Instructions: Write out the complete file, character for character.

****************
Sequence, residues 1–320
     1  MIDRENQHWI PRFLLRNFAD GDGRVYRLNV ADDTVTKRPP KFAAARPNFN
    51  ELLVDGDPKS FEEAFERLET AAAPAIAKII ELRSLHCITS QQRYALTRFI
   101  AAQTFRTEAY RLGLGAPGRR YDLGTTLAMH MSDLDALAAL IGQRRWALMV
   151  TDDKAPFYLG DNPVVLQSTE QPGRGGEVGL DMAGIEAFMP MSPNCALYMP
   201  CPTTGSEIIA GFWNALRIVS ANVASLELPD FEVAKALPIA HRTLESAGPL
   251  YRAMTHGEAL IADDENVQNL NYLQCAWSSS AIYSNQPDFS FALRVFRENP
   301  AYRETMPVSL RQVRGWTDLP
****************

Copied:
Sequence, residues 1–320
     1  MIDRENQHWI PRFLLRNFAD GDGRVYRLNV ADDTVTKRPP KFAAARPNFN
    51  ELLVDGDPKS FEEAFERLET AAAPAIAKII ELRSLHCITS QQRYALTRFI
   101  AAQTFRTEAY RLGLGAPGRR YDLGTTLAMH MSDLDALAAL IGQRRWALMV
   151  TDDKAPFYLG DNPVVLQSTE QPGRGGEVGL DMAGIEAFMP MSPNCALYMP
   201  CPTTGSEIIA GFWNALRIVS ANVASLELPD FEVAKALPIA HRTLESAGPL
   251  YRAMTHGEAL IADDENVQNL NYLQCAWSSS AIYSNQPDFS FALRVFRENP
   301  AYRETMPVSL RQVRGWTDLP